Smart city is no longer a topic about the future. It is on governmental and municipal agendas, as well as private initiatives and various large-scale discussions across different industries, writes Bengt Nordström*, CEO at consultancy Northstream.
So far, however, the definition of the a smart city has remained fuzzy, while the solutions have mostly been limited to off-the-shelf offerings created by technology companies for individual use cases. This has led to the development of multiple vertical solutions that co-exist together in different cities.
At the same time, cities and governments have also attempted to develop horizontal systems in order to unify and integrate solutions, and cities’ and citizens’ data. In this realm, telecom and IT are two focal enablers.
Their main role is to provide connectivity and the platform layers, as well as facilitating integration of different subsystems and solutions. In other words, telecom and IT are responsible for enabling the digitalisation of the city and the smart solutions in them.
Many basic smart city applications are already in operation on existing infrastructure. Yet, a better and denser digital infrastructure is still required to enable those capacity-hungry and/or latency-critical use cases on a large scale; such as smart transport, city-wide surveillance and so on.
Let’s look at the possibilities for greater use of operators’ current distributed fixed and mobile networks within cities. Operators could use their manholes to provide hotspots, delivering low-latency by providing multi-access edge computing (MEC), and even deploy networks on top of public infrastructure. These are instances of how operators could take on a more crucial role in this ecosystem.
However, to deploy a better digital infrastructure to enable more advanced capacity-hungry, latency-critical smart city applications, operators need support from local public authorities and institutions; for example, by gaining access to public infrastructure such as lampposts. This can be a win-win situation – operators densify their networks further, while cities benefit from ubiquitous connectivity for all kinds of smart city solutions.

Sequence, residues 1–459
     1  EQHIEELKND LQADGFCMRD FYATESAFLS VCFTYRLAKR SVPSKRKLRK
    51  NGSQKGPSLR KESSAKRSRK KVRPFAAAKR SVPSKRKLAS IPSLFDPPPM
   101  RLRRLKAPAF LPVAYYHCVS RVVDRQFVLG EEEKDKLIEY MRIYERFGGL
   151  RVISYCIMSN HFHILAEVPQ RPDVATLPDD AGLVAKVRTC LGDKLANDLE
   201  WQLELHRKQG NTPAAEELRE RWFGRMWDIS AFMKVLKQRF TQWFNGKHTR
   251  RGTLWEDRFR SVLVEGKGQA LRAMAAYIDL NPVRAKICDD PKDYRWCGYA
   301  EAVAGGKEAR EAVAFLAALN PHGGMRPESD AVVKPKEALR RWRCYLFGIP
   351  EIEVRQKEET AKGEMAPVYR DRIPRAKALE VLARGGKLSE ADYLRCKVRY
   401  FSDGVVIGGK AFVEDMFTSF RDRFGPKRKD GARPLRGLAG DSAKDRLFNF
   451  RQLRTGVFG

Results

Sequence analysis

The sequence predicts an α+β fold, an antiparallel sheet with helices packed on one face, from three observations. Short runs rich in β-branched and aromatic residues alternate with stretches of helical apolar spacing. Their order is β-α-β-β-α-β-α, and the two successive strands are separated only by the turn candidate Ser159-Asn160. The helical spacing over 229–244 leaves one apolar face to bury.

Will an omnipresent connectivity network make cities smart? The short answer is no. As mentioned, there are already many smart city solutions in operation that use existing connectivity infrastructure. While state-of-the-art digital infrastructure will facilitate better solutions, the main concern for cities is the rise of many vertical solutions that do not necessarily connect and integrate.
The question then is who is best equipped to solve the integration problem? On the one hand, the operators’ DNA makes them best equipped to deliver connectivity and connectivity-related services. On the other hand, their history of delivering software and system integration is less inspiring.
The latter is mainly due to the difficulty of acquiring talent in this area compared with the software giants; the digital-native companies have branded themselves as heaven for software developers.
Integration and software-based services
A main challenge ahead for smart cities is the integration of subsystems and solutions as well as providing software-based services that create additional value. We conclude that the best strategy for operators would be partnerships with IT companies and systems integrators.
This way, they will be able to benefit move into win-win situation outlined above while keeping their focus on their core business.
In the end, this is the best interest of the cities as well. Let’s not forget that such horizontal systems will eventually be controlled by the cities. Due to their chronic lack of resources, municipal authorities will have to run them through participation of different private and public companies, and so public-private partnerships (PPP) will lead to a successful ‘smartification’ of their cities.
Bengt Nordström, CEO and Co-founder of the consultancy Northstream, will be speaking at our Smart IoT Connect conference, where telcoms meets smart cities on 10 September in London. Find out more and register here. City representatives have free entry on a first-come, first-served basis.